See ACA’s interview with Ross Greenwood.
Australian Construction Achievement Award finalists
The Australian Constructors Association and Engineers Australia have announced that seven projects have been selected as finalists to compete for the prestigious 2023 Australian Construction Achievement Award (ACAA).
Now in its 26th year, the ACAA is the industry’s most prestigious award recognising the best construction projects, delivered by the nation’s very best construction companies. The award is one of the highest forms of recognition for a project because it not only recognises traditional construction excellence such as how physical problems were overcome, but also excellence in initiatives designed to make the industry a more efficient and better place to work. These projects have implemented digital tools and processes to improve productivity, training and development initiatives to equip workers with critical skills, flexible working environments to support workers’ mental and physical health—and much more. Australia’s construction industry will be stronger because of this.
The ACAA Finalists for 2023 are:
- Echuca-Moama Bridge Project – Stage 3 by McConnell Dowell Constructors (Aust) Pty Ltd and Major Road Projects Victoria
- Edithvale, Chelsea and Bonbeach Level Crossing Removal Project by Southern Program Alliance (ACCIONA Rail, WSP, Metro Trains Melbourne, and the Level Crossing Removal Project)
- M4-M5 Link Tunnels Project (WestConnex Stage 3A) by ACCIONA Samsung Bouygues Joint
- M80 Ring Road Upgrade Sydney Road to Edgars Road by CPB Contractors and Major Road Projects Victoria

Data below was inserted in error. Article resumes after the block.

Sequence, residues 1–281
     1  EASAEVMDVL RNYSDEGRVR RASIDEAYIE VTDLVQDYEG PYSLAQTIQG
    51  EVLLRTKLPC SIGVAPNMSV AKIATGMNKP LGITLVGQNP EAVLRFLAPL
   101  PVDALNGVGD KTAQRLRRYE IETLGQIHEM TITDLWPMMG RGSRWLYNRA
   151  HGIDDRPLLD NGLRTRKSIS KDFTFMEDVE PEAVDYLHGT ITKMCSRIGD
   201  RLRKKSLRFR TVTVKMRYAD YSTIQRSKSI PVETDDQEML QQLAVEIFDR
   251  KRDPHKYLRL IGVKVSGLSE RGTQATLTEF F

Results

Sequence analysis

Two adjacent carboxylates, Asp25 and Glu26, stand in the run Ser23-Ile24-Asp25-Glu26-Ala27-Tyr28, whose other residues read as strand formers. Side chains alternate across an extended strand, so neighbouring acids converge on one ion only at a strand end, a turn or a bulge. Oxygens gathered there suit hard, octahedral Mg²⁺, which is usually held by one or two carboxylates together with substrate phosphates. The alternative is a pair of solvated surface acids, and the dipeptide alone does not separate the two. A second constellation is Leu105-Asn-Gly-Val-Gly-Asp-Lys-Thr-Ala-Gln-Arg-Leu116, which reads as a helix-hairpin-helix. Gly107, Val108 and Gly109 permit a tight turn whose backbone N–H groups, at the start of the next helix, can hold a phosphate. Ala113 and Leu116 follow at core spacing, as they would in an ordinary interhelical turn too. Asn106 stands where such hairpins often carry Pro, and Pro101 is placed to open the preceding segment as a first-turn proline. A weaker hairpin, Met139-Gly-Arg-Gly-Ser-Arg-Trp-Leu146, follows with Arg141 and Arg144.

- Parramatta Light Rail Stage 1 Infrastructure Contract by Parramatta Connect (CPB Contractors Downer EDI Works Joint Venture)
- Parramatta Square Precinct – 3, 4, 6&8 Parramatta Square & PHIVE Parramatta Square by Built
- Sydney Football Stadium Redevelopment by John Holland Group.
Join us for the winner presentation event at The Palladium at Crown Melbourne on Wednesday 3 May held in conjunction with the Future of Construction Summit.
Find out more.
New industry agreement to bolster construction engineering
ACA is excited to extend our partnership with Engineers Australia to boost development and expertise within the construction engineering sector. Through this collaboration we aim to strengthen Engineer Australia’s Construction Community of Practice, the Chartered Construction Area of Practice recognition linked to Chartered engineering status and the professional development model for construction engineers.
Find out more.
Future of construction Summit
This year’s Future of Construction Summit (FCON23) will be like no other. Picking up from our Disrupt or die report released last year, this year’s summit has a clear focus—disruption. We’re bringing government, industry and unions together to talk about the top things we can do now to kickstart productivity growth, how do we learn to trust again so that we only need a 2-page contract to deliver a $1Bn project and much more.
FCON23 will be co-located with the Australian Construction Achievement Award winner presentation event. Join us from 3-4 May in Melbourne.